MCDB researchers uncover a previously unrecognized mechanism that may accelerate polycystic kidney disease.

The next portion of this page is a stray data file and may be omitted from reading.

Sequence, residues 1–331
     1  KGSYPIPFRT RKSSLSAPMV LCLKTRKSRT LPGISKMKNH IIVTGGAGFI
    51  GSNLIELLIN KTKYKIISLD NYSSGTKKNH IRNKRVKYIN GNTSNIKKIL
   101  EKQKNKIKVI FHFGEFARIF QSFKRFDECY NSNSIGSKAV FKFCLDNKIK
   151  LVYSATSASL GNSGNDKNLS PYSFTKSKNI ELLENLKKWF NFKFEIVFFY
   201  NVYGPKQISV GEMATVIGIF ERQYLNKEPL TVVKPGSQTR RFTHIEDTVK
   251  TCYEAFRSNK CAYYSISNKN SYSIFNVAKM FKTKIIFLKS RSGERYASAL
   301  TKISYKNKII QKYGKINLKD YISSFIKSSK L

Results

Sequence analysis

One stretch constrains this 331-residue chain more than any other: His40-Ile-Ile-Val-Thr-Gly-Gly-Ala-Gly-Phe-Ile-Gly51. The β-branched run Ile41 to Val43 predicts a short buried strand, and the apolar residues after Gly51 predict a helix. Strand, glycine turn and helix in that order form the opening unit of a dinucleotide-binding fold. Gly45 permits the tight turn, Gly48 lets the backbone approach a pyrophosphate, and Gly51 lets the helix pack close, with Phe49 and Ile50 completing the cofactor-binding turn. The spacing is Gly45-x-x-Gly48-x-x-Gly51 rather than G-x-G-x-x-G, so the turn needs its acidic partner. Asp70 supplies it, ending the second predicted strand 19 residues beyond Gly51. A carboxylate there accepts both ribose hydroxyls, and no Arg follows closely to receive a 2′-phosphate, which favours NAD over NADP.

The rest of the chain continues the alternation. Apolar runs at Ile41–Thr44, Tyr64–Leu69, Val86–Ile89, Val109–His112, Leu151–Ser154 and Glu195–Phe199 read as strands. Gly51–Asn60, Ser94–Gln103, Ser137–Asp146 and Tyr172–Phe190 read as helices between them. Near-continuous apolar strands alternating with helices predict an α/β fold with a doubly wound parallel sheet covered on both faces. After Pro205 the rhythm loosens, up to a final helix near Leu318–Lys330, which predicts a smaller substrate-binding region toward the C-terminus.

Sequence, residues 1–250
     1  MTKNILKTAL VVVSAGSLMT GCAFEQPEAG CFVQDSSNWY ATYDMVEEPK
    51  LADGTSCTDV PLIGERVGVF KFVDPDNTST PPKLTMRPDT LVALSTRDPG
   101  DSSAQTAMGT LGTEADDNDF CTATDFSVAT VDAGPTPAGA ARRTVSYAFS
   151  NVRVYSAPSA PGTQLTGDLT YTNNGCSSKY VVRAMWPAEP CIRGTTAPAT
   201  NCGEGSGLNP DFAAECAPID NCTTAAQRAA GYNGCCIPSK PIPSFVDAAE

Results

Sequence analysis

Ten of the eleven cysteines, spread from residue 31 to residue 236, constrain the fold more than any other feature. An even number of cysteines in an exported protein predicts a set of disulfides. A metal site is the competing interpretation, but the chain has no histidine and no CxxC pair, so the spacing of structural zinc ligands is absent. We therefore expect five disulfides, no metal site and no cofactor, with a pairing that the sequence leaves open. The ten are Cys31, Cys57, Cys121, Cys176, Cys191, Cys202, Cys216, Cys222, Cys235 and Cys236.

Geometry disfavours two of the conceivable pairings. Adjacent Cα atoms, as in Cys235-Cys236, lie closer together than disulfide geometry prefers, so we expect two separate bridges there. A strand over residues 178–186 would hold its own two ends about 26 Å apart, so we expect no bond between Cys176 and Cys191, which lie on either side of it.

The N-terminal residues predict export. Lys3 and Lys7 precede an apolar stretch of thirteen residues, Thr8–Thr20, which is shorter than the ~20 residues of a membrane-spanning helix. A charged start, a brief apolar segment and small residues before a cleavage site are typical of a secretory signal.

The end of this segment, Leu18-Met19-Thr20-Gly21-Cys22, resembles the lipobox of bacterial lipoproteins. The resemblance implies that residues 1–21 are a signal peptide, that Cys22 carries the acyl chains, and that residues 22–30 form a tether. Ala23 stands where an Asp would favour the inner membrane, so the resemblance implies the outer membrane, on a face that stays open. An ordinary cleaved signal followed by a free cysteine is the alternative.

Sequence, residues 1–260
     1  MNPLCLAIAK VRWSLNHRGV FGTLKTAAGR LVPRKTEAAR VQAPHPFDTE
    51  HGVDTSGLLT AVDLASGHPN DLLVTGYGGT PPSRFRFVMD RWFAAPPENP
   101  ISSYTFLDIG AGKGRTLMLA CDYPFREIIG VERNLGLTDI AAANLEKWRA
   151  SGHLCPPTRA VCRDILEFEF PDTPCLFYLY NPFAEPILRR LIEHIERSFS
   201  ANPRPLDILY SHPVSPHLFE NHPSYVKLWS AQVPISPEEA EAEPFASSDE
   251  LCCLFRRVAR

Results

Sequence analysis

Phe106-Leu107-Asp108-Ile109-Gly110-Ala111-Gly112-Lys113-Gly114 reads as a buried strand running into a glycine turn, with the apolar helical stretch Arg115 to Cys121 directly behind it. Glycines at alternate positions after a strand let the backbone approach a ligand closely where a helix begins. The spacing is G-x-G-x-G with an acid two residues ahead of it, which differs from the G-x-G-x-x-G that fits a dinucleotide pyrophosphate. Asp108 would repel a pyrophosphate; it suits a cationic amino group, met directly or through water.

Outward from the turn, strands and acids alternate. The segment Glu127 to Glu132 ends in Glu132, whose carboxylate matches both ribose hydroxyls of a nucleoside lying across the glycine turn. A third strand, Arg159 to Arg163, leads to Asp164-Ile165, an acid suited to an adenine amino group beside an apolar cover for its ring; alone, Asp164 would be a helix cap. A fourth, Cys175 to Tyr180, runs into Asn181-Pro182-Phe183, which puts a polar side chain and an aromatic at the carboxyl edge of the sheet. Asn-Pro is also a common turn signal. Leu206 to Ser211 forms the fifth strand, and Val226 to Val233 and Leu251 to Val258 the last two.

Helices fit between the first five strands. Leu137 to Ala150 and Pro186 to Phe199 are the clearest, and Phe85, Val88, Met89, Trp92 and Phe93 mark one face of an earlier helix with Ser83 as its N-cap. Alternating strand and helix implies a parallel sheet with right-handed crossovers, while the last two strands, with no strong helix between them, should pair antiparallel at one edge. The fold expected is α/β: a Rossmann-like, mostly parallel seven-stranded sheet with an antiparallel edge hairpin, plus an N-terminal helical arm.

For people with polycystic kidney disease (PKD), life can be a constant cycle of symptoms: aches and pains, abdominal swelling, kidney stones, high blood pressure. At worst, the disease frequently leads to a suite of major issues, including kidney failure, cysts in the liver and vascular problems, including strokes. According to the National Institutes of Health, PKD is a “fairly common genetic disorder,” affecting roughly 600,000 people in the United States, with the more common autosomal dominant (AD) form affecting roughly one in 500 to 1,000 people. “Most patients will eventually form these big cystic kidneys, and they will need dialysis or a kidney transplant, both of which are not great options,” said UC Santa Barbara biochemist Thomas Weimbs, whose research specialty lies in the still somewhat mysterious disease, which has no cure. Meanwhile, treatment of various symptoms and complications put a heavy economic burden on the healthcare system and dramatically lower patients’ quality of life. In a step toward disrupting the cycle that leads to cyst formation in the kidneys, the Weimbs Lab has now uncovered a previously unrecognized mechanism that accelerates cystogenesis. Thought to be a response meant to protect the kidneys, the rapid dilation of the tubules that conduct waste away from the kidneys in the form of urine has been found to be a “third-hit” trigger that results in rapid cyst growth in those with ADPKD.